Bermuda to Rye Overseeding Thread

I am starting this thread to pass along knowledge among the community for anyone in my situation: overseeding this fall from Bermuda to Rye. We can discuss all aspects: what type of seed, timing, mowing, and most importantly on here, setting up our Rachio to water appropriately. I am unaware of the differences with overseeding over types of grasses, so I would like to see this thread stick to Bermuda  Rye. I encourage anyone to start their own thread for different grass scenarios.

The UofA Cooperative Extension is my current resource. You can find their document here:



  • Daytime temps 80-85

  • Nighttime temps (~55)
     Bermuda grows when overnight temps are >65 so you want to make sure your new Rye is not competing with Bermuda growth

30 days before overseeding
o Stop Nitrogen fertilization of Bermuda

14 days before overseeding
o Raise mowing height 30-40% above normal
o Decrease irrigation by 30%

1-3 days before overseeding
o Stop Watering
o Mow at the your orignal height that you’ve done all summer
o Just before overseeding, lower height another 25-30% and leave clippings as mulch for overseed seeds

Day of overseeding
o Use ryegrass seed at 12 to 15lb/1000 sq ft
o Apply ½ of seed walking in one direction, and other half walking perpendicular

7-10 days after overseeding
o Irrigate 3-4 times per day to keep germinated seeds moist

14 days after seeding emergence
o Fertizlie with ammonium phosphate (16-20-0) at 5lb per 1000 sq ft

First mowing
o When ryegrass is ~3” tall

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@Modawg2k I was hoping someone would start a thread like this. I saw the same document. I’m confused about this part.

You mow at the old height, raise 30-40%, then drop 25-30%. Doesn’t that put you back where you started ?

I’m thinking 4 fixed schedules spaced 6 hours apart, but with what kind of duration. Maybe an inch or two worth of water ?

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So ready for this thread!

I love all the UofA coop articles they put out (plus I’m partial since UofA is my alma mater), but I haven’t seen this one. This is perfect. New to me that you shouldn’t “scalp” the bermuda. I have always taken it down really low, but based on this document, you should keep some height.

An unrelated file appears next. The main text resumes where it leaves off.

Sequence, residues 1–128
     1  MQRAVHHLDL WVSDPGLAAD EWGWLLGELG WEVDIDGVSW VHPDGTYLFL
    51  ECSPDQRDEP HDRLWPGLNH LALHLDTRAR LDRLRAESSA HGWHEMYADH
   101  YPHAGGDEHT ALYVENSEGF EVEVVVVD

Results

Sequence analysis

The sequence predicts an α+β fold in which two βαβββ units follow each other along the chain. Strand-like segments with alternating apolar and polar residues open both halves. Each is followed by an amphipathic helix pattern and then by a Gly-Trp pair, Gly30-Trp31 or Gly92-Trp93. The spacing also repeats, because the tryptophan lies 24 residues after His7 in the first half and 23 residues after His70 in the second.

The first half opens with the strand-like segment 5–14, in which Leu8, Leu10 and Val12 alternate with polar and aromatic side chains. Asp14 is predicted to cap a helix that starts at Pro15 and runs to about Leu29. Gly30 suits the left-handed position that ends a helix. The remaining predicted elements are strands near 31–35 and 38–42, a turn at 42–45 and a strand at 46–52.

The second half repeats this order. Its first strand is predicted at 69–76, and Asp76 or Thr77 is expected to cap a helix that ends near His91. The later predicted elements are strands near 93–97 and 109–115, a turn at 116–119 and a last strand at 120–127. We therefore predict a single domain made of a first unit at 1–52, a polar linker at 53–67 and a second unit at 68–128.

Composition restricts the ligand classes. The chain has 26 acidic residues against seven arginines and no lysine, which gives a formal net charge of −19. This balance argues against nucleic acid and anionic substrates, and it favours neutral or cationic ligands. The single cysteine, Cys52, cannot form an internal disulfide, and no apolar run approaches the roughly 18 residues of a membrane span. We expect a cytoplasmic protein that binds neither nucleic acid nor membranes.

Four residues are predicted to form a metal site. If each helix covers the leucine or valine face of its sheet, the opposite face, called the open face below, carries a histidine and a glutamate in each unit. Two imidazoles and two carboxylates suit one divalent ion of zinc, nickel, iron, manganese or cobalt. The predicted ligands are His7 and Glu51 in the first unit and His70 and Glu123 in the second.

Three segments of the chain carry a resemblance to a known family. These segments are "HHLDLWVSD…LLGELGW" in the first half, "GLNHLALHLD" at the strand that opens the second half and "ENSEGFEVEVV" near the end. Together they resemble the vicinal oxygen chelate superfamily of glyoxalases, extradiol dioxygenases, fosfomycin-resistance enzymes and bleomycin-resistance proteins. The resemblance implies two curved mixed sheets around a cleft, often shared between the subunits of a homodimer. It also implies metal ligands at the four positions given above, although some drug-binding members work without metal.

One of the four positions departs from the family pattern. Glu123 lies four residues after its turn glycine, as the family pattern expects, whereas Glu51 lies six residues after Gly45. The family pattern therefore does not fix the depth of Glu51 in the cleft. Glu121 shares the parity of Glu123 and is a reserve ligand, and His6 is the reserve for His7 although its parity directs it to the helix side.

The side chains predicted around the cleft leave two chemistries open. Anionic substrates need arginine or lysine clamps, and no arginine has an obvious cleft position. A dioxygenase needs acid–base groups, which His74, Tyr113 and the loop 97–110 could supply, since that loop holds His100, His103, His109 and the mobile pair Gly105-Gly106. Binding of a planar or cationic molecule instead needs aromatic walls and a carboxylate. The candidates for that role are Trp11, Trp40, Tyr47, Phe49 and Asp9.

I’ve always had good luck with about 8-10 minutes on my MP-Rotator nozzles and 2-4 minutes on my spray 4-5 times a day spaced out through the daylight hours. I guess it is going to be a bit of a guess, based solely on the moisture level in the first couple inches of soil. Wonder how effectively we will be able to utilize the Rachio moisture graphs to follow this “remotely”.

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It makes it sound like you start watering that way 7-10 days after, but yeah it should be from day 1.[quote=“azdavidr, post:2, topic:6229”]
You mow at the old height, raise 30-40%, then drop 25-30%. Doesn’t that put you back where you started ?

I will reword. I just copied over from a table in the document and may have typed it incorrectly. 14 days before you are supposed to raise your mower 30-40%. 1-3 days before you mow at your old heigh. Just before seeding, knock it down about 25-30% below your normal original height.

I haven’t even begun to digest the watering part… more to come from my head on this :slight_smile:

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Good information. But that seeding rate must be a mistake. For rescue the seeding rate is about four pounds per 1,000 square feet and bluegrass is 2-3 pounds per 1,000 square feet. Are you talking annual rye?

Correct me if I’m wrong, but I don’t believe you’ll be able to utilize the moisture graph settings if you use a fixed schedule. I don’t really plan on worrying about soil moisture calculations during the time. I’ve had success at running my system for 5 minutes each zone x 4 each day I see rye growing and then i dial it back. I’ll just manually keep an eye on soil to make sure it’s staying moist. You don’t need a deep watering during this time because the seed is just at the top.